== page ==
What does all this mean for our daily lives? Obviously, we’re being taught a lesson not only about faith, but also about trust and patience. But the Gospel goes one step further, and tells us that people of faith live by faith.
Faith guided Abraham and Sarah, and Moses and his people, each and every day. They were ready for whatever God wanted to do.
Faith must also move us to be ready for what God wants to do with us. We don’t know whether or lives will be long or short, peaceful or troubled. But we know in faith what he plans for us—a life lived with faith in his promises, a life on which we can be judged without fear.
Constancy is a word that sums up the Christian’s daily call. And faith in what God commands and promises is what makes it possible over the long haul.
So today we just ask ourselves: Are my bags packed? Am I ready to go?
Sunday, August 4, 2019
Today's the feast of St. John Vianney, the patron saint of priests. It's also the 12th anniversary of my appointment as pastor of Christ the Redeemer parish.
Before I could become the pastor, Church law required that I make a profession of faith and promise to fulfill my office faithfully. Since I was living in Rome when I got the Archbishop's letter of appointment, I made that profession at the tomb of the Apostle Peter beneath the high altar of the Vatican basilica named after him.
As if that weren't blessing enough, it was the anniversary of my priestly ordination.
Getting permission to say Mass at the tomb of the first Pope took some work. But that was nothing compared to the work it took for archaeologists to find the tomb: it was always believed to be somewhere underneath St. Peter's basilica, but no-one knew quite where.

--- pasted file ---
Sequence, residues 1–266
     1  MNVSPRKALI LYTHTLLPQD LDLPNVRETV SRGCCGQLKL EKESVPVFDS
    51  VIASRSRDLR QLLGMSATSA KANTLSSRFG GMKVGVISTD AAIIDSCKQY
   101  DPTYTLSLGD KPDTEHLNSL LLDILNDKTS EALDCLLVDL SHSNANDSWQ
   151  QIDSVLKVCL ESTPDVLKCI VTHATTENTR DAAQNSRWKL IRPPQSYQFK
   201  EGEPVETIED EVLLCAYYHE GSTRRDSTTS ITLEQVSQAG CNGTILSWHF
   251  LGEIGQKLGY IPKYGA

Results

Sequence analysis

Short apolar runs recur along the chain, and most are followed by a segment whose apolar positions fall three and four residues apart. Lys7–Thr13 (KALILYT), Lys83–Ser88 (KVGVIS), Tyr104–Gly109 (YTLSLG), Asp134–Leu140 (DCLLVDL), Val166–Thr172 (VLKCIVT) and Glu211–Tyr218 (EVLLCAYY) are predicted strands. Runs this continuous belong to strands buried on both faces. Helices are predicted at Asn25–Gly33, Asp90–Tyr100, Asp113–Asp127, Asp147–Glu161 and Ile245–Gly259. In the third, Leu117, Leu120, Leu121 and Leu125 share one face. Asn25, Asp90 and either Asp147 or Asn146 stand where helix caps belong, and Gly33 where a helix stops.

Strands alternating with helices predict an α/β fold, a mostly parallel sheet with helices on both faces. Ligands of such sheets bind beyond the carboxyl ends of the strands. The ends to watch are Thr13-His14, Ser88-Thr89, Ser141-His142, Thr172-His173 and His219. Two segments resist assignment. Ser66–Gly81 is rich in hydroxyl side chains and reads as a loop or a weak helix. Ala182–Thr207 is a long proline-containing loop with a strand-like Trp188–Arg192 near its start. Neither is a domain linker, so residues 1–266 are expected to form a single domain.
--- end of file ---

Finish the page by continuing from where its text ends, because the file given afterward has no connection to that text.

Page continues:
Only in 1950 did Pope Pius XII announce that the tomb had been discovered, after a search that lasted more than a decade. And it took another 15 years to decide that bones discovered at the tomb belonged to St. Peter.
Although I've known this since I was a seminarian in Rome in the eighties, I only learned the rest of the story last month when a priest friend from Texas gave me a copy of a book called The Fisherman's Tomb: The True Story of the Vatican's Secret Search, by John O'Neill.
The book recounts how a Texas oilman named George Strake actually helped Pius XII to finance the hunt for the tomb after a whole cemetery was discovered underneath St. Peter's during excavations for the burial place of Pope Pius XI in 1939.
The archaeological adventure is a great story, but it's not what I want to talk about today. What I want to talk about is George Strake.
Strake became fabulously wealthy when he struck oil near Houston. He'd already made and lost a fortune more than once, so he was gambling everything on the Conroe oil field. His wife Susan said she'd accept the risk of poverty so long as George never again questioned her spending habits if he did get rich.